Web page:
Warning of more 'extreme rain' as climate change takes effect
Forecasters say annual rainfall is rising, with four of the five wettest years on record since 2000.
Forecasters have warned that heavy rain and severe storms will happen more often as a result of climate change.
Last year was the second wettest on record in the UK as a whole, with total rainfall of 1,330.7mm (52.4ins).
In Scotland an unusually dry summer in the north-west meant 2012 ranked only 17th on the all-time list, but 2011 was the wettest in recorded history.
The Met Office said average long-term rainfall in the UK increased by about 5% between the periods 1961-1990 and 1981-2010. Four of the UK's five wettest years since records began in 1910 have been since 2000.
The occurrence of "extreme" days of rain, in which large amounts fall in intense downpours, also appears to have become more frequent.
The trend, which has seen four of the UK's five wettest years on record happen in the 20th century, would lead to more flooding and make conditions more challenging for farmers and wildlife.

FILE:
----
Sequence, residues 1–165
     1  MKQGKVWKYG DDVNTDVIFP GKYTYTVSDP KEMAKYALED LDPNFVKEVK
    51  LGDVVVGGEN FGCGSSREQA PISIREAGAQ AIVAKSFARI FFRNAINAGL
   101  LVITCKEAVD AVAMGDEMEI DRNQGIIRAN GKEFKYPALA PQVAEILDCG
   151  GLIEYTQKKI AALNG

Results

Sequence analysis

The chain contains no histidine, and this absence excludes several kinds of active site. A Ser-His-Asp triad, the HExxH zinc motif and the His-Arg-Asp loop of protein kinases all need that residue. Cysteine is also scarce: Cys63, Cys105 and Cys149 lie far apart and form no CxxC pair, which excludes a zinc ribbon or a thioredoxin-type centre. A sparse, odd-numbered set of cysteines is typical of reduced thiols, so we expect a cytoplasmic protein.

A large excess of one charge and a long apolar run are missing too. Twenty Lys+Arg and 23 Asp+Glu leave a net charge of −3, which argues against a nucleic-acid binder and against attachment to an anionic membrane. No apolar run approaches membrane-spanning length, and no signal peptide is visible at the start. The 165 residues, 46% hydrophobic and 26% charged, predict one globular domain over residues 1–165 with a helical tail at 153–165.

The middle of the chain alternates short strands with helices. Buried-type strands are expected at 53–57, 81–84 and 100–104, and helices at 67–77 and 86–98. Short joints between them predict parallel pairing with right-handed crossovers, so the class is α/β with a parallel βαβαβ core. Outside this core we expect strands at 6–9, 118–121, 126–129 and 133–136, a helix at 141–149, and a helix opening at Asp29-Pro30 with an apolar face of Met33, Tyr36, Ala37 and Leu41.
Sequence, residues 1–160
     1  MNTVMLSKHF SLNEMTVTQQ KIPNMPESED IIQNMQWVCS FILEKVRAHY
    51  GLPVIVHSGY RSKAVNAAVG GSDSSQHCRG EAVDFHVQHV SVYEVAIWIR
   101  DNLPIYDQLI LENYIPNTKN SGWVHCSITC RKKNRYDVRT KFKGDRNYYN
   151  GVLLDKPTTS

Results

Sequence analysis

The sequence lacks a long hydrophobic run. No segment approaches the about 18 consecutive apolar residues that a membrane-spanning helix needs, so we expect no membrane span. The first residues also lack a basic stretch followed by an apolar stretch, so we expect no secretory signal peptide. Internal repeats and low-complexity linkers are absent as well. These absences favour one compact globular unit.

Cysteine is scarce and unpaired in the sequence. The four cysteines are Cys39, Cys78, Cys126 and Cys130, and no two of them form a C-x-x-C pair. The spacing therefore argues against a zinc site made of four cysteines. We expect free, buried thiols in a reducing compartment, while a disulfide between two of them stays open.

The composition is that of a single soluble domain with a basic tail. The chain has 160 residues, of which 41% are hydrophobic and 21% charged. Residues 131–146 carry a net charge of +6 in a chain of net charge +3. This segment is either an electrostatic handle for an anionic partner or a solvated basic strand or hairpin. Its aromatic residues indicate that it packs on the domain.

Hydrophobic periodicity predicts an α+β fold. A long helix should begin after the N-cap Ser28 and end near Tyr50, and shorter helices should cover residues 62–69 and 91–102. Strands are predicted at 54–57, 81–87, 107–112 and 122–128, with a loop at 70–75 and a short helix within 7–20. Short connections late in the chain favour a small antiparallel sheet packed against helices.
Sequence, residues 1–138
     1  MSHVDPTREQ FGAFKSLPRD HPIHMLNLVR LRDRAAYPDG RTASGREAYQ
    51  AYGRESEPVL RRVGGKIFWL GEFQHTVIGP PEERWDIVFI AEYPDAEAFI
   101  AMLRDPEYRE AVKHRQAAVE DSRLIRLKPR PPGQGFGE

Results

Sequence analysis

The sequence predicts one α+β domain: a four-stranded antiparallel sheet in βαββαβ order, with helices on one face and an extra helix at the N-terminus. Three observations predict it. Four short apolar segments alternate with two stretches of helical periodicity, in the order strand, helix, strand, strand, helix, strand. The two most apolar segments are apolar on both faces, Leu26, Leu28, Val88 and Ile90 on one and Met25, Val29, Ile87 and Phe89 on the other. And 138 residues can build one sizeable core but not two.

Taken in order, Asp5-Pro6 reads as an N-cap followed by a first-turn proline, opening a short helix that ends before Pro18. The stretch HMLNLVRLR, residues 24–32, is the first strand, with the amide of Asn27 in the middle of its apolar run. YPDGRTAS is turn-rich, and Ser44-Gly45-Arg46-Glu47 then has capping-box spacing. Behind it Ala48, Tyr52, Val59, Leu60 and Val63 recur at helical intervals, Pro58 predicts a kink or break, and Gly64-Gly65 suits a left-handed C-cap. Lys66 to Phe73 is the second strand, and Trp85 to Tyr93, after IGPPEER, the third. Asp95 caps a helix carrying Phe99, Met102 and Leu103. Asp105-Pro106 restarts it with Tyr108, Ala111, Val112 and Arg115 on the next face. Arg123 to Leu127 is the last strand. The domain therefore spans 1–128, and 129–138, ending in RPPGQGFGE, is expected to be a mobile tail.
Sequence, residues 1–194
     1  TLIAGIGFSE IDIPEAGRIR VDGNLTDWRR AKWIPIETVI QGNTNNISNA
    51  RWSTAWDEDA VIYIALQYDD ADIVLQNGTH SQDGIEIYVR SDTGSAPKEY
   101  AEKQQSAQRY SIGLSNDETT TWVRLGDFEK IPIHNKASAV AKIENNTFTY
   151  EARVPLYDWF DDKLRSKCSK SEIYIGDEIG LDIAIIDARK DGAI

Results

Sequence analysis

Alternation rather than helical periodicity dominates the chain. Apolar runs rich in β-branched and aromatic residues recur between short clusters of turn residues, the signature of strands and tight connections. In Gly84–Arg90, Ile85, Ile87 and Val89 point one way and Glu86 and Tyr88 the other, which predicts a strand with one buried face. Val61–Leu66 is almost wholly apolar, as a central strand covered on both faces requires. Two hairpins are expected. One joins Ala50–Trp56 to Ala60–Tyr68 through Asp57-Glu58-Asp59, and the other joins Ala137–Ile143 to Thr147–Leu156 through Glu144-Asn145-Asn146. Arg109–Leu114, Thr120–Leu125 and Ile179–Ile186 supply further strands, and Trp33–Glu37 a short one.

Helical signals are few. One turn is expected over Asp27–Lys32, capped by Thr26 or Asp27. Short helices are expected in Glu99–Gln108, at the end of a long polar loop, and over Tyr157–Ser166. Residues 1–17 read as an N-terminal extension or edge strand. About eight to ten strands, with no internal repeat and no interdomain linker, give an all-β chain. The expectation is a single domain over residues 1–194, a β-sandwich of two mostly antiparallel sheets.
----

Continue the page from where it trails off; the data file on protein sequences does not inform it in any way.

The Met Office said rising global temperatures could be playing a part in increasing rainfall, as a warmer atmosphere can hold more moisture and increase the potential for heavy rain.
The world has seen temperatures rise by around 0.7C since the beginning of the Industrial Revolution, which would equate to around a 4% increase in moisture in the atmosphere.
STV forecaster Sean Batty said a number of factors were responsible for the increase in episodes of extreme rain.
He said: "It's possibly down to less sea ice being around, a warmer ocean, a slightly warmer atmosphere as well.
"Obviously a warmer atmosphere can store more water and that's potentially why we're seeing more extreme rainfall events now."
Professor Nigel Arnell, Walker Institute director at the University of Reading, said last year's weather fitted a pattern which has seen rainfall increase in recent decades in many parts of the northern hemisphere.
"While rainfall varies naturally from year to year and decade to decade, there is increasing evidence that the build up of greenhouse gases in the atmosphere is starting to affect rainfall across the globe," he said.
"That means we are likely to see flood frequency increase further."